Additionally, it’s a good idea to practice staying steady, especially when you are shooting in dark settings. If you have a hard time staying still throughout the exposure period, then you may want to invest in a tripod or strap. 

    After taking the photo, be patient! It can take 10 to 15 minutes for the colored picture to fully develop, so don’t worry if it still looks bland after a few minutes. During this process, keep the picture somewhere warm and protect it from light that can interfere with the development process. While you may have seen people shaking Polaroids (or maybe you’ve done it yourself), it’s better to wait for it to naturally develop. 

    Another tip is only relevant if you are planning on flying. You may have wondered, “Can Polaroid go through TSA?” An X-Ray machine can certainly ruin the color of Polaroid film and make the pictures appear pink, cloudy, or even red in severe cases. Because of this, it’s best to tell the TSA agents to check the film by hand instead of risking X-Ray interference. 

    Inspiring Examples and Ideas for Polaroid Pictures

    If you need some inspiration for your Polaroid pictures, try browsing Pinterest for some great examples. Not only do they showcase some great photography, but also some creative ideas for your print photos like creating scrapbooks, collages, extended Polaroid posters, maps, and more.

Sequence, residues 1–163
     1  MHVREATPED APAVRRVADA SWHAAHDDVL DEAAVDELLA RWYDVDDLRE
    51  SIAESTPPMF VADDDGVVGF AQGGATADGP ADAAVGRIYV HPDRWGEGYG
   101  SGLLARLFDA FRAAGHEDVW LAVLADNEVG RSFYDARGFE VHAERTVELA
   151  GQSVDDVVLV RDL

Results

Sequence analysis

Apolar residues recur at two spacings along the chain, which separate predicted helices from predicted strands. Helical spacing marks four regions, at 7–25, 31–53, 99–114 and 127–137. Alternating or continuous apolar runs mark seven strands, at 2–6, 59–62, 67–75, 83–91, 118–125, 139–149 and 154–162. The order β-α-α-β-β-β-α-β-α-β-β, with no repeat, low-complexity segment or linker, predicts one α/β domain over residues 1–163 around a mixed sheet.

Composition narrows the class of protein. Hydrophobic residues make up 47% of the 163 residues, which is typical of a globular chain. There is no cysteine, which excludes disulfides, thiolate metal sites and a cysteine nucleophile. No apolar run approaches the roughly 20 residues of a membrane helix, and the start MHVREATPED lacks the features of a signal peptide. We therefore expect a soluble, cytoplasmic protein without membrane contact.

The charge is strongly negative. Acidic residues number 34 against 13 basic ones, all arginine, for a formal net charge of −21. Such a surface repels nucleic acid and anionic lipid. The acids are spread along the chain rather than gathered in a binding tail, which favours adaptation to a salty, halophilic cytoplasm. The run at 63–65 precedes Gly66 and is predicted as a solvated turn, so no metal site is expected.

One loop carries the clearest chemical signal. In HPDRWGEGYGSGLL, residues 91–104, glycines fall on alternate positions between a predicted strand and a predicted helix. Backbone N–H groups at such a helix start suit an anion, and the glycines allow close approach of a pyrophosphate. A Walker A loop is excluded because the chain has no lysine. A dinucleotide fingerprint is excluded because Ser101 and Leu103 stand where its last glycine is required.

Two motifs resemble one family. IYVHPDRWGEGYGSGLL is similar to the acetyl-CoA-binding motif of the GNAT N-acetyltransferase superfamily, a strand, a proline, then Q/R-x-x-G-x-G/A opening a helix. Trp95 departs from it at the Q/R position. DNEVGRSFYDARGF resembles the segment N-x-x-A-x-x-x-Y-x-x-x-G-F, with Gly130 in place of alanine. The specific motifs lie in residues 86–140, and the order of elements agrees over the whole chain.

Finding good examples of Polaroid photography can show you all the possibilities for your own photos. You can create sepia tone, black and white, color, overexposed, double exposed, long exposed, and tons of other types of photos with a simple Polaroid camera

    Try keeping your photos fresh by exploring different themes, subjects, lighting, and approaches to photography. In addition, if you have digital photos that you want to give the Polaroid feel to, there are apps available so you never have to wonder “Can you turn pictures into Polaroids?”

    Conclusion

    Polaroid photography is fun, nostalgic, and experimental while providing instant gratification and all you need is a vintage Polaroid camera and some film. Just make sure you use best practices before experimenting too much with exposure, lighting, and complex subjects. Try starting with single subjects at least 4 feet away in bright lighting and you’ll discover how exciting and easy it is to create instant photo memories. 

    But Polaroid pictures don’t last forever and are vulnerable to damage over time. That’s why we recommend digitizing your Polaroid photos with Capture. Click here to learn about our professional photo scanning services!